Can a bigot be a good person?

Cary’s classic column from THURSDAY, JUN 24, 2004

He pursued me, but then rejected me because my religion was “wrong.”


Dear Cary,

Do you think someone who is narrow-minded and bigoted can truly lead a happy and fulfilling life? And can this person be considered a “good” person if they are good in other ways?

I went to an art exhibit/talk at a friend’s church. I was standing at the refreshment table and a man approached me and started talking to me. I thought he was just being friendly, but I realized he was quite interested in me and he asked me to sit next to him. He seemed incredibly excited about meeting me. Before he left, he wrote his cell number, home number and home e-mail on his business card and asked me to contact him. He said he hoped I would come back to the church again. I said I surely would, but made sure to let him know I was Jewish.

We went for a walk a week later. He seemed incredibly attracted to me, and I felt the same way about him. We were talking about where we went to college, etc., and I felt it was important to let him know my age, as I thought he might be a few years younger. I am 44, but look much younger. He said he assumed I was 35. He is 38. After a few more encounters, by phone, e-mail and in real life, he came clean and said he had been surprised to learn that I was Jewish and 44 and that those were complicating factors for him (he says he wants to have biological children).

Of course we all need to follow our preferences, desires and needs, particularly when it comes to children, but it is the way he rejected me — not based on my qualities and traits but on my bloodline — that floored me. He said in an e-mail that it was not possible to have a true and fulfilling intimate relationship (he’s never been married; I have been) when there was an underlying feeling that the other’s religion was “wrong.” I wrote back that I certainly didn’t see his religion as “wrong” (he’s Presbyterian, just for the record) but that he must think that of mine, and that, according to that line of thinking, Buddhism, Hinduism and Islam would be wrong, too.

I thought we shared the same values; he seemed so kind and thoughtful, and was very intelligent and funny.

I know there are Jews who will only date and marry other Jews, but I’m not one of those people. Most of my friends, of all religions and cultures, seem happy just to have found someone good, regardless of their background.

Who are these people who secretly feel that those of other religions (and one would assume other races) are inferior and wrong? Of course they are everywhere, but this guy seemed so good and kind. Do you think a guy like this will find happiness in a relationship, and in life overall? I am kind of hoping he doesn’t.

Surprised but Shouldn’t Be

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Dear Surprised,

You ask good questions. Before trying to answer them, though, let’s say what happened here: You were hurt by a man who was attractive but thoughtless. After being hurt, you moved from the event itself to a set of sweeping questions and indictments, as a way of trying to understand what happened. That’s OK. I understand what you are saying; I understand the impulse to do that, and I share your outrage and bafflement. I’m also interested in Christian religious doctrine and how individuals can use it, or distort it, in their interpersonal relations. I don’t know if he’s a bigot or just a little careless in how he expresses some struggle he’s undergoing.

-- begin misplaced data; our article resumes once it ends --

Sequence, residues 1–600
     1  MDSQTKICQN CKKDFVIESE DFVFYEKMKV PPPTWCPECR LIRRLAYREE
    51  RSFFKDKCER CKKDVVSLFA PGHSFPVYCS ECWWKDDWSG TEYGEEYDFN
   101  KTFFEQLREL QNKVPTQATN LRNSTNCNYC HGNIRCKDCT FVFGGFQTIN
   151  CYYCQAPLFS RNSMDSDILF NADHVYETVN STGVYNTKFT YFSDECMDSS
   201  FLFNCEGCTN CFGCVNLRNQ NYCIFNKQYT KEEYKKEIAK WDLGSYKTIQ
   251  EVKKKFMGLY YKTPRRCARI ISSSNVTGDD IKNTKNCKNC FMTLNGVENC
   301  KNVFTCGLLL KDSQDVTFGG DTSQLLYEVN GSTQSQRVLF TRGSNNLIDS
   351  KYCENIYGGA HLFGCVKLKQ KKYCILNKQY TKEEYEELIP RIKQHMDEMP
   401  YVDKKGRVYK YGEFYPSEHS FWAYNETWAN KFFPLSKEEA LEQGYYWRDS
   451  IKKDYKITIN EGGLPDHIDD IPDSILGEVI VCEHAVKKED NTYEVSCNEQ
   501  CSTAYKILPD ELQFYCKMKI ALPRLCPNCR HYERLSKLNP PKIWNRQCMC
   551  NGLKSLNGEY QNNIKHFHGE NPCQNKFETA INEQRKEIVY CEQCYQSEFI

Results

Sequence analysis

But it’s a shame you couldn’t work together to build a relationship, since you had a lot in common. Perhaps the relationship could have gone further if he had been more diplomatic. Instead of being so doctrinaire, he could have asked you what you thought about interfaith marriage, and about adoption, and expressed his reservations about it. He could have told you what sort of struggle he’s undergoing, trying to reconcile his religion with his desire to marry and raise a family with a woman he loves.

It’s possible that he did not want things to go further, for personal reasons not having to do with your different faiths. If that’s true, it’s a shame he had to drag in all that other baggage. On the other hand, if he was truly interested and just did something boneheaded, it’s even more of a shame, and he may regret it. (I sense that you hope he does regret it, but if so, you might think about trying to let go of that anger, as it will not help you to carry it around.)

I know this from personal experience: If we’re nervous, conflicted, insecure or fearful about how someone is going to take something, sometimes we work on it so hard that we end up saying the worst thing possible. Instead of trusting my instincts to guide me in a conversation about it, I will mull it over and over, as if by this magical process of mental refining I will arrive at some essence that is the “truth,” that I can then deliver up in triumph and finality: Here it is. I’ve decided. This is the situation. It becomes like a presentation before the Supreme Court.

I forget that what I really need to do is have a conversation with somebody. It’s comical, because the harder you work on what you think is the problem the farther you get from the problem — because the problem is relationship, and relationship is not something you can do in your head. It takes both people being present.